Categories - Featured, Social Media
You know when I sat down to write this article I figured there would be lots of discussion on the internet about Facebook etiquette. But, you know what? I didn’t find anything comprehensive about it. So here we are – I’ll take a pass at it.
A few facts about my Facebook usage… I signed up for Facebook a few years ago and didn’t really use it much until after I got my iPhone. Then I started noticing things on it that got me thinking—does this person know what they are doing by posting that? Or, I do not want that photo posted of me on there. Most of us have had unmentionables posted that we may not have wanted our friends to see. Hopefully the following will be a guide for people on what to post—and not post—on Facebook.
The first item up for discussion is what you should be posting on Facebook. Well… it sounds complicated, but it’s actually really simple. Avoid the staple topics that you wouldn’t discuss in a real life with your friends such as religion and politics. A few of my friends will post about these two topics and I have to bite my hand not to post a scathing reply. There are pages dedicated to many of these topics. It’s better served to post there and not post on your wall about controversial topics. If there isn’t a page, create one. I’m sure you’ll find others who share your viewpoints and to whom you can send a friend request.
Friend requests are a whole ‘nother animal. Ireceive millions of friend requests a day. Okay, not really millions, maybe one or two. (I’m not one of the Kardashians after all.) I am sure that many of you reading this have had long-lost friends from high school send you friend requests on Facebook, an awkward invitation if it’s someone you never really liked all that much. Some people don’t really care who their friends are on Facebook and others just want to up their friend count. In both cases, just friend away.
If you don’t fall into the laissez-faire Facebook friend camp, here is what you do. One, you can friend them and put them on the dungeon list (my preferred method). The dungeon list is like telling someone “hey, you can stay here and I’ll throw you some food now and then but don’t expect to eat all the time.” The other way, of course, is to ignore them. The choice is entirely up to you. Friending your co-workers is an entirely different story.
Co-workers should be treated like a wife you’re cheating on. You want to be very careful what you do or say around them. You also want to hide all traces of any wrongdoing.* Or, you can put them on the dungeon list, which again is my preferred method. If you value your career, then it’s probably best to avoid friending them altogether, but if your CEO friends you, then you are on your own.
When someone likes or comments on one of your posts or photos, does it obligate you to do the same? It depends on the situation. If they wished you a Happy Birthday, then yes I would do the same when their birthday rolls around. If they got married, then you say I’m sorry. That was a joke, but you get the point. Do it for important things. That brings me to liking your own posts or photos. Please don’t do this. Again, I REPEAT, please don’t do this. If someone posts a photo of you or comment about you, that’s fair game, but never like something you posted. Unless, you found the cure for cancer, have a picture of Bigfoot or the Loch Ness monster, this is strictly off-limits.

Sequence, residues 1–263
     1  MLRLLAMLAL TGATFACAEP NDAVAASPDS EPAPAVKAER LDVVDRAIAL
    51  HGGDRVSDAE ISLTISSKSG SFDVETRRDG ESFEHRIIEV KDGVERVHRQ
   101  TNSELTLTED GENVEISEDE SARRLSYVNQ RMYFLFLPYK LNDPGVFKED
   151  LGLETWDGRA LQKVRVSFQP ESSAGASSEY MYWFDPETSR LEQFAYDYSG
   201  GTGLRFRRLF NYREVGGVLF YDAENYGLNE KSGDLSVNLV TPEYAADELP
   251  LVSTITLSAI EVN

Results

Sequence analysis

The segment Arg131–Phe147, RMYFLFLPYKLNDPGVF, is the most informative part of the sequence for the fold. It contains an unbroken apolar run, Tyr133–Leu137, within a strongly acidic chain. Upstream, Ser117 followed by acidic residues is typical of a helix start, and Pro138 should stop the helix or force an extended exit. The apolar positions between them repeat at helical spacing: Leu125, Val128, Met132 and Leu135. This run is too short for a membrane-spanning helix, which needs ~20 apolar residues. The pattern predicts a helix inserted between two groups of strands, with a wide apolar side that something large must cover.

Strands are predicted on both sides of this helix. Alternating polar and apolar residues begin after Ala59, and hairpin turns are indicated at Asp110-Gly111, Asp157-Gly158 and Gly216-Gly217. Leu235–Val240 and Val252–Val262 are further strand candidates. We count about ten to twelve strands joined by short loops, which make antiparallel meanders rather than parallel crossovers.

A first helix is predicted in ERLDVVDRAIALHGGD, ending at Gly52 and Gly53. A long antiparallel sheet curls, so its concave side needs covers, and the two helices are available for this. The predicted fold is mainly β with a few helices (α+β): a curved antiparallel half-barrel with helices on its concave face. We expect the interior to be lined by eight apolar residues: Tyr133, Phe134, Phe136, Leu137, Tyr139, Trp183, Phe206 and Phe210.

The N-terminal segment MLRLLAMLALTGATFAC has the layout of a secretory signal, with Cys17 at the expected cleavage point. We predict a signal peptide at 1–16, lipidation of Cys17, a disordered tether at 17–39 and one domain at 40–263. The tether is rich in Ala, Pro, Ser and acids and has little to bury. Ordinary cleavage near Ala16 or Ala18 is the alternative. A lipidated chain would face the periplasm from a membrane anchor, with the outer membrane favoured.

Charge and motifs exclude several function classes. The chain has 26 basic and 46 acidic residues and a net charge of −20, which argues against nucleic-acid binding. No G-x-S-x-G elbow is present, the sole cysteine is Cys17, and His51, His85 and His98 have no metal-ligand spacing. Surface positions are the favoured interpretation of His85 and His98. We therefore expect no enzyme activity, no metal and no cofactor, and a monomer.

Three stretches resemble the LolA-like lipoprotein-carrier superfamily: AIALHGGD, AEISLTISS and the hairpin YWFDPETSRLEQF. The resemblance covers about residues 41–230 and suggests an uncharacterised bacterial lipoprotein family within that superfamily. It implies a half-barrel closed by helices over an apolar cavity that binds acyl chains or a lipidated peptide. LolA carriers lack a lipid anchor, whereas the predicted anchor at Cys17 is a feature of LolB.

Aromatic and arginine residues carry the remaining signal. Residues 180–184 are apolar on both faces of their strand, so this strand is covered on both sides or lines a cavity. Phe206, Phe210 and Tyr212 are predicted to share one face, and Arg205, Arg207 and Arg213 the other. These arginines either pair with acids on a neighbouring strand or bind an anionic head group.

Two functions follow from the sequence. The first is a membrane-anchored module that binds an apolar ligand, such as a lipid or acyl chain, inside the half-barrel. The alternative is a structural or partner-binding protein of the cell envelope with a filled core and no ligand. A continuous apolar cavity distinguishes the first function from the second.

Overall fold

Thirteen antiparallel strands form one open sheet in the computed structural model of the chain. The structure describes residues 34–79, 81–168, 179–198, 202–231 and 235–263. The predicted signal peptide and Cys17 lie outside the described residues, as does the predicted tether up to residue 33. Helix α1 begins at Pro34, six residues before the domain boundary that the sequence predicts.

Self-promotion of your wares, services, pet projects, etc. is highly questionable. Make a page for whatever it is that you’re passionate about and every once in a while make a post about it. Don’t do it every day. I’ve seen this happen and it’s annoying. If you’re a musician, for example, send a link to your page with all of your info. Don’t keep flooding your profile with posts about your new music videos or whatever it may be. The reason is that not every one of your friends will be interested in your music or hobby.
Games on Facebook are also a potential minefield of irritation. Farmville, one of the most popular games on Facebook, is also the bane of my existence. I had a friend (emphasis on had), who played this game and would flood my wall with things that she did. I don’t want to know about your fake cow that you just sent to the pasture nor do I want to know about the twelve sheep you recently harvested for wool. With all the time she spent on it, I don’t know when she found time to do her actual job. Luckily, Facebook has a filter for this kind of thing, which is great, but you may want to think about this for your own reputation.
The last item for discussion is dating and relationships. I know Facebook has been used as a dating tool and I’m sure that there have been marriages that resulted from it and also ended from it. Googling Facebook and Marriages shows that the top results are negative, relating to how Facebook can or has destroyed marriages, so if you’re married be careful. You may want to put your significant other on the dungeon list. Oh, and don’t breakup with someone on Facebook. That’s just wrong. I’ve noticed that people are far more open to being a friend on Facebook than providing their phone number. It’s kind of paradoxical, but the success rate is much better. My advice… don’t ask for a phone number, ask to friend them.
Facebook is evolving every day but I hope these rules will help to guide you on how you should conduct yourself. Everyone has different reasons for using Facebook – some for keeping in touch with friends, others for promoting products or services, discussing where to go that night, etc., but remember that Facebook, like anything else, requires etiquette that should be followed. I hope that this manifesto will forever guide you as long as we don’t start using Google+.
*The Author does not condone cheating on your husband/wife or your boyfriend/girlfriend for that matter.